Comair – Inside The British Airways Boeing 737 Franchisee

Comair Limited, founded in 1946, has been operating successfully within southern Africa for over six decades. With an internationally recognized safety record and listed on the JSE, Comair is managed and owned by South Africans.

Comair 737-200
Comair flies under the British Airways livery. Photo: Wikimedia

A British Airways franchise partner

In 1996, Comair joined British Airways as a franchise partner and became known as British Airways Comair, taking on the colors and livery of British Airways International. The British Airways brand brought with it a rich heritage of stylish travel, reputation for service excellence and a wide range of products such as the prestigious Executive Club frequent flyer program.

Comair has taken delivery of one of eight Boeing 737 MAXs. That aircraft has been grounded following the devastating Ethiopian Airlines crash which killed all 157 people on board.

Kulula
Kulula – South Africa’s first LCC. Photo: Bob Adams via Flickr

During 2001, they launched South Africa’s first low-fare airline, Kulula.com. This adventurous brand has, since inception, revolutionized air travel in South Africa, making flying easier and more affordable to customers.

The major difference between Kulula and BA Comair flights is that Kulula has a higher seating density, which results in it having about a 25% lower cost base.

Fleet renewal

In February 2014, Comair announced a new order for eight 737 MAX 8s, which have a list price of $830m. All airlines purchase aircraft at a discount to the listed price, but it’s top secret what Comair’s discount was. This is their first order of the MAX generation of Boeing 737s.

In previous years, the airline has been replacing their MD-80 series and Boeing 737-200s with B737-800s. Comair has still to receive four of the eight B737-800s from their previous order, which are expected to be delivered next year and in 2016. The 737 MAX 8s are expected to be delivered from 2019 to 2021, pending recertification of the type.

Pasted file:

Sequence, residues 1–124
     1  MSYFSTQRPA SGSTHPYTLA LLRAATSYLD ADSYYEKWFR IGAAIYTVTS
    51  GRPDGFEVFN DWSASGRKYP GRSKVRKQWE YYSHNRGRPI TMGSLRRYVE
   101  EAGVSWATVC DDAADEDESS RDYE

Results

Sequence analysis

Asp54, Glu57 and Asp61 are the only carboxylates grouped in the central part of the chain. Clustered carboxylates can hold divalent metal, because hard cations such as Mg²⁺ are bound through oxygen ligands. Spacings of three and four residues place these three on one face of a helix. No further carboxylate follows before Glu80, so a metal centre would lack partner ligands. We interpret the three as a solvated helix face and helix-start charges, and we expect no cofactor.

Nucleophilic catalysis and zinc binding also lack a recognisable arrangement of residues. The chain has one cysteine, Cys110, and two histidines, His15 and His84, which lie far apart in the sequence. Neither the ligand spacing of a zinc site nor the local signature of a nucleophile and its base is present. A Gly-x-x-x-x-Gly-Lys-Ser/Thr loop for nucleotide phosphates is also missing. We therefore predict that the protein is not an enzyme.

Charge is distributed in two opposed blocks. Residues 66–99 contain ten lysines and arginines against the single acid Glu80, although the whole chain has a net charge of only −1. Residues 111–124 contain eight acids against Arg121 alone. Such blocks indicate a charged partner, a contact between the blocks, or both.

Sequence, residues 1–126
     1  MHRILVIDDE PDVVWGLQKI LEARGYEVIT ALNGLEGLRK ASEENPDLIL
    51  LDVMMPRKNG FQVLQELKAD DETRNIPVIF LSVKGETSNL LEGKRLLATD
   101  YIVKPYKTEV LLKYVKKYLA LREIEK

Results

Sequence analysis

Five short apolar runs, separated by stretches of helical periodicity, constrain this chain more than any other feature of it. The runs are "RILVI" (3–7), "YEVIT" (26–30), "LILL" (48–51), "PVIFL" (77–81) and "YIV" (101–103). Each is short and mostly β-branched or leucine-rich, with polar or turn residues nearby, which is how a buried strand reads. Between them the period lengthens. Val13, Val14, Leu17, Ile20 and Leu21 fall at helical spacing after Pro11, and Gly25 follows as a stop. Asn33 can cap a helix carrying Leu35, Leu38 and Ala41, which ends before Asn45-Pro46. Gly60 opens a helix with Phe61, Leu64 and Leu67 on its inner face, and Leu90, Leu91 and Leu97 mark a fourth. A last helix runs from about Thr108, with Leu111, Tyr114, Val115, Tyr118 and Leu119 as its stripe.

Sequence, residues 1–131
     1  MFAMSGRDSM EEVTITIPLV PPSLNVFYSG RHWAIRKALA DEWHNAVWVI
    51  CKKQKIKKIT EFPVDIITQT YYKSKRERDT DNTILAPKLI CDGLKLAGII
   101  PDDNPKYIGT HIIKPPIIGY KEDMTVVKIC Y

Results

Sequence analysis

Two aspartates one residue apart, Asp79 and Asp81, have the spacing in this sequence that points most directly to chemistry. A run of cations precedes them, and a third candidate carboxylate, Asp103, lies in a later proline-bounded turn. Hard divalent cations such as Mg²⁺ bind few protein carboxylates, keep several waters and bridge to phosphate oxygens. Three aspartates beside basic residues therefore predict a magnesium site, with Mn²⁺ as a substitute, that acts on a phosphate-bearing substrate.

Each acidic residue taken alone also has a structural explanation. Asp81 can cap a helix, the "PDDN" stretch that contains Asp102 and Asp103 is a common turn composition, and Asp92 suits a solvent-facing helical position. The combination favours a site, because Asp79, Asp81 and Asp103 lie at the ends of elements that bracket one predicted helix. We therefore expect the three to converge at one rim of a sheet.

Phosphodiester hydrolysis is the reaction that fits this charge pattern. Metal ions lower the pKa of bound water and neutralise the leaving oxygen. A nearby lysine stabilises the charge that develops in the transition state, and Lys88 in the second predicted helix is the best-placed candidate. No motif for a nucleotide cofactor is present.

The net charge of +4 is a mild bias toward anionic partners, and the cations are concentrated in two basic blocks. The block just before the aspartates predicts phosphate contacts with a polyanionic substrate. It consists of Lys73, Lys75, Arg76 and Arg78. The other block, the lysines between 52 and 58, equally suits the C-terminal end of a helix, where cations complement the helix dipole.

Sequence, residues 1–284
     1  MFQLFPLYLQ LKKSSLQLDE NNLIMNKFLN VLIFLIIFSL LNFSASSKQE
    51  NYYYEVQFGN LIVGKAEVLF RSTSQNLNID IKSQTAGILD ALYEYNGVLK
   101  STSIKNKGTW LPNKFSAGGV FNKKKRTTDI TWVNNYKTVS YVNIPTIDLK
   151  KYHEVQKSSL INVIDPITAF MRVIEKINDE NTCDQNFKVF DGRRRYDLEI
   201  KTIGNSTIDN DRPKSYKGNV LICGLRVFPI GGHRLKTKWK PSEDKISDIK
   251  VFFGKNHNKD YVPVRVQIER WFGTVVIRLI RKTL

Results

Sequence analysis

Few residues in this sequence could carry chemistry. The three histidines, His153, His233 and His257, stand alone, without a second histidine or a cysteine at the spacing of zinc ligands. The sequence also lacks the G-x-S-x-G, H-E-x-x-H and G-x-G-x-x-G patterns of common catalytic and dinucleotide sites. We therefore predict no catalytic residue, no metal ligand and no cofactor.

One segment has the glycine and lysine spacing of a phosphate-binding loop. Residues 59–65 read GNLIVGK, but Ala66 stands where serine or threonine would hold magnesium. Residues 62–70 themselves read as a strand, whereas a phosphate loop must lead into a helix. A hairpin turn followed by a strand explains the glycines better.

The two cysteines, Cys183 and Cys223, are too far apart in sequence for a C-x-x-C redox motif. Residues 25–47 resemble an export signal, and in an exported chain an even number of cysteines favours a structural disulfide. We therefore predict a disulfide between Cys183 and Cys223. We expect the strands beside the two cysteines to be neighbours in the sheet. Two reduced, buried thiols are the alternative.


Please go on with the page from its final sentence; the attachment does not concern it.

The Boeing 737 MAX 8 is 14% more fuel-efficient than the current 737NG series, so it’s a wonderful investment not just in fuel saving, but also in terms of environmental impact, with just 15% of the CO2 emissions of the previous model. The 737 MAX is also considered to be 4% more fuel-efficient than the Airbus A320neo and 16% more fuel-efficient than the A320.

Comair 737 MAX
Comair’s 737 MAX. Photo: Wikimedia

You’ll be able to identify the B737MAX aircraft from their distinctive forked wingtips (which on their own contribute some 1.5% to the fuel-saving). Another major difference from the existing B737-800s which Comair uses is the addition of CFM’s LEAP-1B engines, which delivers most of the improvement in fuel efficiency.

An anti-competition win

On February 2016 Comair has emerged victorious after a long and complicated case in the South Gauteng High Court was ruled in their favor. The defendant, SAA, was ordered to pay Comair a total of R554m ($39m) plus interest at 15.5% as restitution for engaging in anti-competitive behavior from 1999 until 2005.

Comair
Comair won $39m from SAA. Photo: Wikimedia

SAA was quick to defend their current leadership, stating that this was yet another legacy issue. SAA has stated that their legal counsel will advise the company on how to proceed.

Fun fact: Apart from the new Airbus A350, their aircraft are the only ones in the British Airways livery with painted wingtips.

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